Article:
The most famous of all the steamboat races was “The Mississippi Steamboat Race of 1870” between Robert E. Lee and the Natchez. Prior to the event, its captains, Captain John W. Cannon from New Orleans, Louisiana, and Captain Thomas P. Leathers from Natchez, Mississippi respectively, already had an ongoing rivalry in getting the biggest share of the passengers and trade.
While they began as business partners, the competition was fierce between the two, even engaging in a street brawl at some point. Given such, a steamboat race was just imminent.
Early in the evening of June 30, 1870, the steamboats departed from New Orleans onto the finish line in St. Louis, Missouri. The event was received with much fanfare, with newspapers also publicizing the contest. Of course, bets were overflowing even in European countries.
Capt. Cannon got an early lead and by mid-morning the next day, Robert E. Lee still got its nose ahead. However, the crowd was unsympathetic when the steamboat was passing through in Natchez. Of course, people expected to see the steamboat bearing their community’s name to be ahead, but only to witness Lee come in first.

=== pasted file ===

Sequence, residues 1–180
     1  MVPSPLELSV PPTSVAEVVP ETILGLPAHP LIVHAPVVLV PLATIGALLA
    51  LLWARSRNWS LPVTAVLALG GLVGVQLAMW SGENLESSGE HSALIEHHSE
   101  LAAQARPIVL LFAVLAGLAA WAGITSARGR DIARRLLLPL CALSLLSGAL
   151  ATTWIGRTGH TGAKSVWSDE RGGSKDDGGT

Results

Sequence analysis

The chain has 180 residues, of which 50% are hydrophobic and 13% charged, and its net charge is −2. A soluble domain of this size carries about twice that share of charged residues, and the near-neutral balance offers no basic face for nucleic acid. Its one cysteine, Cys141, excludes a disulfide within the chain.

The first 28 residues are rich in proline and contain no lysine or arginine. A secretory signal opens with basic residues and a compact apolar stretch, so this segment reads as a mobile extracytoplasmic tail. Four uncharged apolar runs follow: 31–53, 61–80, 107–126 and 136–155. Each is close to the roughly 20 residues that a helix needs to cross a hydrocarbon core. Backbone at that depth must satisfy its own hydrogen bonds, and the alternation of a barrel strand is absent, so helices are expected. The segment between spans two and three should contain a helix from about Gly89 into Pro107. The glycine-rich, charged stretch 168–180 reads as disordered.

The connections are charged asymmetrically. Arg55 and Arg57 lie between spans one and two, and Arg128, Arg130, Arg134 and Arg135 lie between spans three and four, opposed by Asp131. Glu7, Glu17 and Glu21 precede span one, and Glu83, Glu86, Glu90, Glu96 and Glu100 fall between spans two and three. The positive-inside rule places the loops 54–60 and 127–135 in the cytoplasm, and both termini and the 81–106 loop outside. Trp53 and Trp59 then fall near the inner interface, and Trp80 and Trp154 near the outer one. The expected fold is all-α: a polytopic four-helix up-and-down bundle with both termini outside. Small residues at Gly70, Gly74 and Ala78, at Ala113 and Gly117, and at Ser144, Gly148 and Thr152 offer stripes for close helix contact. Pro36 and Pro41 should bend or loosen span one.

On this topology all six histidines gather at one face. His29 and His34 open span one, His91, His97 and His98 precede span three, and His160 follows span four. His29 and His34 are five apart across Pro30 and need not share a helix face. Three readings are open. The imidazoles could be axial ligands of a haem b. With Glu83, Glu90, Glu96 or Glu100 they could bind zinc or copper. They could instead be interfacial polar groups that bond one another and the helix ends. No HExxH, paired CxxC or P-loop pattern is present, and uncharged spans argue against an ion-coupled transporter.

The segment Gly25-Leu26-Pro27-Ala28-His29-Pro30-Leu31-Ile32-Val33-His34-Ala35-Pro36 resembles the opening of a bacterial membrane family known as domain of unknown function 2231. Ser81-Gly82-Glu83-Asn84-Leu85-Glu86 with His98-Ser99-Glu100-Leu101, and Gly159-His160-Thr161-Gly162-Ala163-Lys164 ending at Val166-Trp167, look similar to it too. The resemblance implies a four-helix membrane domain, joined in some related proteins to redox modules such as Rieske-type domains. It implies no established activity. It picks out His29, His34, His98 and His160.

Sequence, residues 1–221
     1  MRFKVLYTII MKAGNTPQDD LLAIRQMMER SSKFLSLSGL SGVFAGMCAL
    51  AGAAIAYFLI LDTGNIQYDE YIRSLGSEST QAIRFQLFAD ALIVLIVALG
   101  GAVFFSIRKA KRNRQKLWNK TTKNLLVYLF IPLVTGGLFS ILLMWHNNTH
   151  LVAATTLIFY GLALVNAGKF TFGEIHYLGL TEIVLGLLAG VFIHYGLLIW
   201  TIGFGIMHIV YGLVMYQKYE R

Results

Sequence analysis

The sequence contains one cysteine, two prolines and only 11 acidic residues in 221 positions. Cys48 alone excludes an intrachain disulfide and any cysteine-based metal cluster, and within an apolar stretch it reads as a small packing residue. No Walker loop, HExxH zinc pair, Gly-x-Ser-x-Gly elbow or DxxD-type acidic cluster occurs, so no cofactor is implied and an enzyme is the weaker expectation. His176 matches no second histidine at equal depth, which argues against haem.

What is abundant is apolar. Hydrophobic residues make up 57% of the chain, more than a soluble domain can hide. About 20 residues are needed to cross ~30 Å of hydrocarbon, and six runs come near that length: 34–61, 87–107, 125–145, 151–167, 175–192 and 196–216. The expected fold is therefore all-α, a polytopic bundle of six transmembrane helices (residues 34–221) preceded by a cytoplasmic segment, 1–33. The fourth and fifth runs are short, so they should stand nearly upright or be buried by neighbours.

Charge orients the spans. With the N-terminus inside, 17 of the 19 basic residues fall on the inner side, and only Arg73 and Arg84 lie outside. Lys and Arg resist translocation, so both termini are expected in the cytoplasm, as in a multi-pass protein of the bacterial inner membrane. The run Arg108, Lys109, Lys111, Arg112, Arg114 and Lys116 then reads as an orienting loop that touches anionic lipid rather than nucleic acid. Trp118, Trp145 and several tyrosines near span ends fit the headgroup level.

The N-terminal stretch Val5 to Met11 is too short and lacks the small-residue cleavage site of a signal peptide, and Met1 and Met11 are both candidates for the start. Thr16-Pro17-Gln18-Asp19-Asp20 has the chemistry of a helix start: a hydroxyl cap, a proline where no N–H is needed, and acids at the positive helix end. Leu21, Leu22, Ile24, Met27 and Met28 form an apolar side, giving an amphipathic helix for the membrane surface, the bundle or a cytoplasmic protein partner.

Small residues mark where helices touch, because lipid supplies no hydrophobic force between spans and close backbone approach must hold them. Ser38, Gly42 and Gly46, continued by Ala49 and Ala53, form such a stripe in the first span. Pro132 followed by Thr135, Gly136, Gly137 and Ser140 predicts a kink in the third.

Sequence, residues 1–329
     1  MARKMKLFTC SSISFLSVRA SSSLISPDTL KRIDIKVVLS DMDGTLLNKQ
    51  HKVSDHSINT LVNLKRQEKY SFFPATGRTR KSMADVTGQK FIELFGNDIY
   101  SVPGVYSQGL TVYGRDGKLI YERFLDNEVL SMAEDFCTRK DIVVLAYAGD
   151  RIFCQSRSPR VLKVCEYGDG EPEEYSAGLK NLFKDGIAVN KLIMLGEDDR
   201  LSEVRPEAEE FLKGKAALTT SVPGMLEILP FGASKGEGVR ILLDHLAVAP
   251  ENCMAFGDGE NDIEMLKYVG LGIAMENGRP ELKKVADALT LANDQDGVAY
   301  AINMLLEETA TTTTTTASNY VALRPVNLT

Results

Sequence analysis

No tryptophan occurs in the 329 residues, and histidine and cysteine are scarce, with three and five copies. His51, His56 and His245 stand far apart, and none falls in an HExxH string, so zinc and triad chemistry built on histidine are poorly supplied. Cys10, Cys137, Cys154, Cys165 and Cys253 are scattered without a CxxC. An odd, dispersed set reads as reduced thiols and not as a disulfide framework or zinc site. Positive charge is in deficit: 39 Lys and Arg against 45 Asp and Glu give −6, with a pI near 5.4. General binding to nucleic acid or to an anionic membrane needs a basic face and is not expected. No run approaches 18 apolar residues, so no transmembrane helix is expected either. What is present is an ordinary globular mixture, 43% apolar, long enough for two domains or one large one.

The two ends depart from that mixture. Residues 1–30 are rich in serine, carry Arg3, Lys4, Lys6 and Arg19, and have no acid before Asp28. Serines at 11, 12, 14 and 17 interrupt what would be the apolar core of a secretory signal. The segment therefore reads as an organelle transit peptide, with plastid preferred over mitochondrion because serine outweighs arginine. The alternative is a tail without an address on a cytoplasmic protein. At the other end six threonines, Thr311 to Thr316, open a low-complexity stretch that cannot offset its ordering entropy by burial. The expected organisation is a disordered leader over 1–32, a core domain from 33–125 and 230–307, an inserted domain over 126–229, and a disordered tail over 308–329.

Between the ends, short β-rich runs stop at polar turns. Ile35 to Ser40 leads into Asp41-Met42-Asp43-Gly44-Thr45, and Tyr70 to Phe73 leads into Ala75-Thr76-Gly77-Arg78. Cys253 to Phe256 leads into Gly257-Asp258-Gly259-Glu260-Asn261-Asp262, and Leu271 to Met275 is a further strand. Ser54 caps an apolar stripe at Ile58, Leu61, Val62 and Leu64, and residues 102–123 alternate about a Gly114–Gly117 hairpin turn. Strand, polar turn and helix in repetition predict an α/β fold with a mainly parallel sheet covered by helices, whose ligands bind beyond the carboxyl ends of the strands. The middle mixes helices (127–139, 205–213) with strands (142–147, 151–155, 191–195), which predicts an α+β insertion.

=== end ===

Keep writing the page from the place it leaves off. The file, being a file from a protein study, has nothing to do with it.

By the second night, Natchez seemed to be catching up with its rivals but a broken valve hurt its chances, impeding the steamboat for about half an hour to do the repairs. Meanwhile, Cannon had a smart tactic, as he took fuel from other boats and barges while the race was underway. On the other hand, Natchez preferred to make periodic stops to refuel.
Lee was still ahead for more than an hour as they reached Memphis, Tennessee. Another unfortunate event happened for Leather after Nathcez’s water pump broke in Mississippi, causing another over an hour of repair time. The fog then shrouded its way in Missouri, further delaying Natchez for about six hours. By the time it lifted, Cannon already had an insurmountable lead.
On July 4th, 1870 at 11:14 AM, Robert E. Lee arrived at St. Louis, winning the race against Natchez who came six hours later and setting a still-standing record of three days, 18 hours, plus 14 minutes for the said distance for steam engine-powered, paddle wheelers.
The victory, however, wasn’t accepted by all. Without the stops and the fog, Natchez had finished the race 28 minutes shorter than Lee. As no clear-cut rules were set, the true victory remains a hot issue for debate for many enthusiasts today.
As the Industrial Revolution peaked, railroads took the place of steamboats as the most preferred way of transportation, eventually leading to the end of the Steamboat Era. The last race occurred in Louisville, Kentucky on August 19, 1929, between America and Cincinnati, with the latter winning the close race from 2nd Street to Rose Island Amusement Park.
In 1963, Louisville revived the tradition with the Great Steamboat Race, which has since become an annual event leading to the Kentucky Derby Festival. The race first saw epic and fierce battles between equally-matched steamers Delta Queen and Belle of Louisville. Through the years new boats joined the fleet while some were replaced, but the same spirit and heritage of steamboat racing live on.